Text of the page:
Personally, I prefer the TV version:
although I can see that it might need to be cut down somewhat for the big screen the quality of Adam’s writing is clearly better than that of the film scriptwriters.
I should have realised that a youtube embed wouldn’t make it onto the comments here. Have a link instead:
Huh, didn’t realize you were that old, MGK.
I’m not. I’m 34.
I can’t remember, have you read “And Another Thing…” yet, MGK?
I prefer the TV version, too. This scene was just funnier the way the Beeb did it.
Happy Thanksgiving to MGK and all your fellow Great White Northerners!
Really, really should have used the telly version.
And on that note, I move that ‘And Another Thing’ and its eternal dullness be struck from the canon. If the series needed a sixth book, it would have been written by Adams’ friend/biographer Neil Gaiman, and called ‘Oh No, Not Again’.
That movie is like someone with only a passing familiarity with the book, and no sense of humour, wrote it down from memory in an afternoon and then wasted Stephen Fry by getting him to read it.
@Stig: thank you for the warning about And Another Thing. I bought it, but haven’t read it yet because I was so underwhelmed by the first two pages. Shan’t bother then. HHG jumped the shark after God’s Final Message.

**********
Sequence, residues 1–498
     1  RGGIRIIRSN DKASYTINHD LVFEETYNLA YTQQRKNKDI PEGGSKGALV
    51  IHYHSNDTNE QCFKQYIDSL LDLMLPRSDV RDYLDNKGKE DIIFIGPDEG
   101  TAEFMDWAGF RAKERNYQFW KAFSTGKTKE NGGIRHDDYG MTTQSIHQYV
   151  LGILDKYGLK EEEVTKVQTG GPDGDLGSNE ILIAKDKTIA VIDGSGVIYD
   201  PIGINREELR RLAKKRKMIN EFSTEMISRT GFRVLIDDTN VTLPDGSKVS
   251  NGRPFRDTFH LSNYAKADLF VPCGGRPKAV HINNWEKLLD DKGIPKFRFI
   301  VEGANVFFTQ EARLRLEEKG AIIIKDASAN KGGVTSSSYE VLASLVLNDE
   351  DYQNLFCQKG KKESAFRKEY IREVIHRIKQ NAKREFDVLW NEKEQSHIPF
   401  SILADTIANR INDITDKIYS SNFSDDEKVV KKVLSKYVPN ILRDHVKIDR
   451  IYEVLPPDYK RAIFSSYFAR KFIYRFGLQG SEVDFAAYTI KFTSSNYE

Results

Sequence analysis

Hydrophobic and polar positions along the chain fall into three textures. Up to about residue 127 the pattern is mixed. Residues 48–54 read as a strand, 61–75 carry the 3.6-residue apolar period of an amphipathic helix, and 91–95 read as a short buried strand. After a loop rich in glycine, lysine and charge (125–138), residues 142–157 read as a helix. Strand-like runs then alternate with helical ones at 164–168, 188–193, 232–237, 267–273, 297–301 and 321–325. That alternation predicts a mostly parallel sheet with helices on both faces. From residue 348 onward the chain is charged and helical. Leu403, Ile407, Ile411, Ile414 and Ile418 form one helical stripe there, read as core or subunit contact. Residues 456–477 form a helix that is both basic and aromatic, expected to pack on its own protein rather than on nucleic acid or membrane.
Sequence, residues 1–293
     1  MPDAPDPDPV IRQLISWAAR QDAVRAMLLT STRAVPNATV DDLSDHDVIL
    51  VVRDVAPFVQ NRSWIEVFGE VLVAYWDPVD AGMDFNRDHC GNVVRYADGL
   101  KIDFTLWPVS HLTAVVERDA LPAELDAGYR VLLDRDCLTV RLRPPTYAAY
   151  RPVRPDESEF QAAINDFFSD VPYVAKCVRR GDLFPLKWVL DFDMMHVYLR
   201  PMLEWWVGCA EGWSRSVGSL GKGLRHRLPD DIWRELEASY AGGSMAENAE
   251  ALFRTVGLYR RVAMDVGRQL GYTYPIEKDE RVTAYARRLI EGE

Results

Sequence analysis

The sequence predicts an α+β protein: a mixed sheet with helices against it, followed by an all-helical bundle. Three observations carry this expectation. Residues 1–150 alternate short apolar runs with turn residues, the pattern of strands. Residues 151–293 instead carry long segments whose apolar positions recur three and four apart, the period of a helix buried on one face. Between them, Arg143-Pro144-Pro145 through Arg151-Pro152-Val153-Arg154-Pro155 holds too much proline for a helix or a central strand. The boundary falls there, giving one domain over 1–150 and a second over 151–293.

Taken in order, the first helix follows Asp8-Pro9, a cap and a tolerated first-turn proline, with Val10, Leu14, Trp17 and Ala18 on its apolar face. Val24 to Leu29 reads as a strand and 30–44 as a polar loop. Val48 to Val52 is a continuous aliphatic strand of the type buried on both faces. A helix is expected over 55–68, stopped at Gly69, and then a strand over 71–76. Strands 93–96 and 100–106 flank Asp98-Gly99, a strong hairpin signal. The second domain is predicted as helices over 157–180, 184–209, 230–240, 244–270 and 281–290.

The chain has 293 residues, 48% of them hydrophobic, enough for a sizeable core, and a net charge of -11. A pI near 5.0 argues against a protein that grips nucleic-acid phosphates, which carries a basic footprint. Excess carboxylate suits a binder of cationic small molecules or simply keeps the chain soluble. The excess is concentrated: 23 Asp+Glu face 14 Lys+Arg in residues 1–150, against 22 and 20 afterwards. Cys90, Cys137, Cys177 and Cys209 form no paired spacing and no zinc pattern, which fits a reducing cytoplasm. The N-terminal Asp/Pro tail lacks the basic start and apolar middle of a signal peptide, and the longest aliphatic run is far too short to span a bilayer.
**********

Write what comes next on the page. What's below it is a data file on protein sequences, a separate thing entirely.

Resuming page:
“the quality of Adam’s writing is clearly better than that of the film scriptwriters.”
Douglas Adams is a better writer than Douglas Adams. Good to know.
This is the geekiest thing I have ever seen, all time all my life.
That movie… damn, that was a disappointment. Not just because it wasn’t good enough, but because it wasn’t bad enough either. And to me, there are few things sadder than a movie that could have… Hell, that should have been great, if it had been just a little bit better. Just a little bit better, and it could have hopped the mediocrity line and become a cult classic. Or if it had been worse, then we could have just dismissed it. But as it is, it had just enough in it that actually worked to make the majority of it that didn’t work all the more tragic.
@Salmo: Douglas Adams only wrote the first draft of the movie script. It was heavily rewritten by a number of writers.
But I don’t think the blame for the movie rests on them. Other than a few Hollywood bits, like the love story with Trillian, the script was perfectly decent and even had some great additions, like the idea-slapping plants (?) on Vogsphere and the POV Gun. It was the director who seemed to have no sense of Adams’ style of humour, as witnessed by how flat scenes that were funny in all the other versions fell in the movie.
So comparing those clips, it appears that the probability of getting rescued in space is apparently dependent on the number of digits in British telephone numbers at the time you get airlock’d. British people, STOP BUYING PHONES! You’re killing innocent astronauts!
Also, what does today have to do with forty-two? Is it the day the first book was released or something?
Today is 10/10/10. 101010 is 42 in binary code.
Yes, it’s EXTREMELY nerdy.
I feel like I’m obliged to chime in here.
As bad as that move was, I have to say I did like how they visualized the improbability drive.
The movie was embarrassingly bad though.
I actually liked the movie. Is it because I never got around to reading the books? Every single other person I know that saw it, hated it. But all of those people had also read the books so…..yeah….
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